22 December 2013

Fail to prepare, then prepare to fail

Thursday, December 19, 2013
KWON Oh-Son believes his men's lack of understanding on the pitch led to their lackluster showing at the 2013 SEA Games, the coach even calling the team “confused” and saying they “lacked confidence”.
The national Under-23 football team lost all four of their Group A games at the 27th edition of the tournament, only getting on the scoresheet in their last match, a 3-2 defeat to Laos on Tuesday.
Needless to say, they finished at the bottom of their table and end as the only side in the 10-team competition not to have picked up a point – they came up with four from a win and a draw in their five games at the 2011 edition in Indonesia.
Captained by DPMM FC Adi Said, who scored both the goals against Laos, Brunei played most of this year's marquee SEA Games event on the back foot - no surprise since the striker and midfielder Azwan Ali Rahman were the only two professional footballers in the team.
All other teams have the luxury of having players who play professionally week in, week out.
Add in the fact that Kwon said the team only started centralised training on Nov 7, just a month before their Nov 8 opener against Vietnam which ended 7-0, and it's easy to see why the coach has blamed their lack of cohesiveness for their poor results.
This lack of cohesiveness, combined with the gap in ability compared to the other countries in their group – both games against two-time defending champions Malaysia and Singapore ended 2-0 – was a sure-fire recipe for disaster.
“You could see that Laos were very sharp and prepared. They understand one another - we don’t have that,” said Kwon after the loss to Laos.
“In football (you) need months of training and many international games (to gain) experience. Attacking tactics, defensive tactics, one month is not enough for all that.
“We had many opportunities to score in our four matches but it all depends on scoring ability. Our ability was not the same (as the other teams).
“If you can't control passes, how do you want to do (passing) combinations?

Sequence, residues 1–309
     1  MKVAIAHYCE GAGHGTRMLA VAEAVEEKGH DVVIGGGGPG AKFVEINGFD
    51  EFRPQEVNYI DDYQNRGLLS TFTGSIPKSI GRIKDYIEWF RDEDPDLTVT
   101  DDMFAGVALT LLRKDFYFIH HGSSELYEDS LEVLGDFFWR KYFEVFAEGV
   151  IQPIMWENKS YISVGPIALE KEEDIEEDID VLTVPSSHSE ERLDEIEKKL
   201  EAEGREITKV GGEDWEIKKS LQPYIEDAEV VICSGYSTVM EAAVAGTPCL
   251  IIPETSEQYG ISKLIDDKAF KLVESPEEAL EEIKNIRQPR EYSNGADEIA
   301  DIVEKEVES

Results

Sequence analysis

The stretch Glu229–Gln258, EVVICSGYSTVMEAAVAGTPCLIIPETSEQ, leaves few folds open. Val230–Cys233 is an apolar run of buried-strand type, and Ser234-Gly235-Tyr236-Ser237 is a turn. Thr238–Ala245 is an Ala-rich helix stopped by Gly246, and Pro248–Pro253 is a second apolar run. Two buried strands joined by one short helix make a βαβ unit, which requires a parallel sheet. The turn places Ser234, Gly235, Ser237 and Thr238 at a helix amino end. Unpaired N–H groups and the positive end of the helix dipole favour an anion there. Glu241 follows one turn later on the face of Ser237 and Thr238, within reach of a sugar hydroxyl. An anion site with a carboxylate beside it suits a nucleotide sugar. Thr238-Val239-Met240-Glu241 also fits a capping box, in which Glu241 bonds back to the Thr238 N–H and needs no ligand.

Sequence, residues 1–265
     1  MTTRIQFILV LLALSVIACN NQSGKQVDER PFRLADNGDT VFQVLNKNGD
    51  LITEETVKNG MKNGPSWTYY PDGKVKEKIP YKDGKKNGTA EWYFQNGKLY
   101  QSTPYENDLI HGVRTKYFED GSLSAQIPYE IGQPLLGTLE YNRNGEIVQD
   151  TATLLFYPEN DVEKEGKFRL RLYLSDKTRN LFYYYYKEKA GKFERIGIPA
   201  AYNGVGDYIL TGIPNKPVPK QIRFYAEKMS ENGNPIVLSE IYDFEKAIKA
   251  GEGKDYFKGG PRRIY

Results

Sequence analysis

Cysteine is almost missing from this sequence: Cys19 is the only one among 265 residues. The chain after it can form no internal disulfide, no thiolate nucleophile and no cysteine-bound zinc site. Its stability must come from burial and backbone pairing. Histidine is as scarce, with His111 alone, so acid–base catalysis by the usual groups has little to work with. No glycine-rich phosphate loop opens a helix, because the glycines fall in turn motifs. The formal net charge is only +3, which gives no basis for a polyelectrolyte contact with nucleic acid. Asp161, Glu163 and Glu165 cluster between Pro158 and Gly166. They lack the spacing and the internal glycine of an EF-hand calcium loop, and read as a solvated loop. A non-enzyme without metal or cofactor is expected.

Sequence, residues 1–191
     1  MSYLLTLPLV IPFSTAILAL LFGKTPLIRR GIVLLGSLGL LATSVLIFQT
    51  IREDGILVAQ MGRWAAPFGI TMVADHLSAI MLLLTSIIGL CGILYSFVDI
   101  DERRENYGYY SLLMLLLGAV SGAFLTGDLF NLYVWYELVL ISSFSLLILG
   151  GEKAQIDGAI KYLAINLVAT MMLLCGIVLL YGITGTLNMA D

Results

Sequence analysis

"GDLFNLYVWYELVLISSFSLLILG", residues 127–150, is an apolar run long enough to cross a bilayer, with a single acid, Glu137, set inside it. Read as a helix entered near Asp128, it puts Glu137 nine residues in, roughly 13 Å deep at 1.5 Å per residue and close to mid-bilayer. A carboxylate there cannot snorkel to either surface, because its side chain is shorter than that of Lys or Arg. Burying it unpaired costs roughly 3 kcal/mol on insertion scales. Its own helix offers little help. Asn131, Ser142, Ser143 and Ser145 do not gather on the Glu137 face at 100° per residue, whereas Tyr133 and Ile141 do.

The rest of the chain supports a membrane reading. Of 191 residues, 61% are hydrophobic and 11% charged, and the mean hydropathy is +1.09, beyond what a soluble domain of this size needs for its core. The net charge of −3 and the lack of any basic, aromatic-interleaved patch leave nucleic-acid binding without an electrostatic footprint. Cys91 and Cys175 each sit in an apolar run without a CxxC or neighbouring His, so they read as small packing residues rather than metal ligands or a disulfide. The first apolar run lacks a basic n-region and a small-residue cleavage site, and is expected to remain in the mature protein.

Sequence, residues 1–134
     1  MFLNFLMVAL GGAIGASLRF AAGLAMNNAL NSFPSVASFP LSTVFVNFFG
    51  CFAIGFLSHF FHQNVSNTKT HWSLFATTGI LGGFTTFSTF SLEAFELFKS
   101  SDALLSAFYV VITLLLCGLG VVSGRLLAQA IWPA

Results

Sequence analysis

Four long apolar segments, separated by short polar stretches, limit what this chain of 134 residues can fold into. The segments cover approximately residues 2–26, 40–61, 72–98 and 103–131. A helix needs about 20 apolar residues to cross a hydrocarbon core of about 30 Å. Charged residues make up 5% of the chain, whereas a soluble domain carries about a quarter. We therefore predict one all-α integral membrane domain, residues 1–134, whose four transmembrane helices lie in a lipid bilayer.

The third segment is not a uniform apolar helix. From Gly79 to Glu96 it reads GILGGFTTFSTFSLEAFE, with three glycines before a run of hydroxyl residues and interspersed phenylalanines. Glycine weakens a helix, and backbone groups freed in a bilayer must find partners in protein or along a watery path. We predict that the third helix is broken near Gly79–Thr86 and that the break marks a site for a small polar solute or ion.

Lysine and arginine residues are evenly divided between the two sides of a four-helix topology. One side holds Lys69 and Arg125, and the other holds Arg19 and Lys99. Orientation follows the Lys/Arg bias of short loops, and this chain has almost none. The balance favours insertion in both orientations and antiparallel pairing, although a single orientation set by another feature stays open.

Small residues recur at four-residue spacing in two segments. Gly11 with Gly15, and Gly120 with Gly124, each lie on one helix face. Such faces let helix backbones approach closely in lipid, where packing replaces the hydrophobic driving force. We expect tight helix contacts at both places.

“A few bad passes, not good control, the opponents counter-attack and players are confused.
“We've practised combinations and other tactics during training but during the game they lacked confidence,” said the straight-forward South Korean.
His comments, though seemingly harsh, should serve as a wake up call.
It isn’t as if the South Korean doesn’t know what he’s talking about.
After all, this is the same man who led the country to glory in another regional age-group meet last year, the Hassanal Bolkiah Trophy, after beating Indonesia 2-0 in the final.
Six of the 11 who started against Laos were members of the Under-21 team which won the HBT, while 10 of the 20 names in the team list laced up last March.
And it’s not that Kwon can’t deliver at international tournaments overseas either.
Kwon took charge of the nation’s football team at another tournament in Myanmar, where the Sultanate’s display was nowhere near the one on show this month.
Guiding the senior team at the 2012 ASEAN Football Federation (AFF) Suzuki Cup qualifiers in Yangon last October, the team managed a credible six points from two wins and two losses – missing out on qualification by one point.
The Wasps kicked off with 1-0 loss to hosts Myanmar, beat Cambodia 3-2 and went down 3-1 to Laos before defeating Timor Leste 2-1 in their final match - more proof, if needed, that Kwon can produce the goods if given the right material.
While ASEAN football’s focus shifts to tonight’s crucial SEA Games semi-finals, for Brunei, there is nothing more important than a proper post-mortem for players and officials alike.
The HBT win was hailed as a new beginning for Brunei football, but it seems like everything is back to square one.

The Brunei Times

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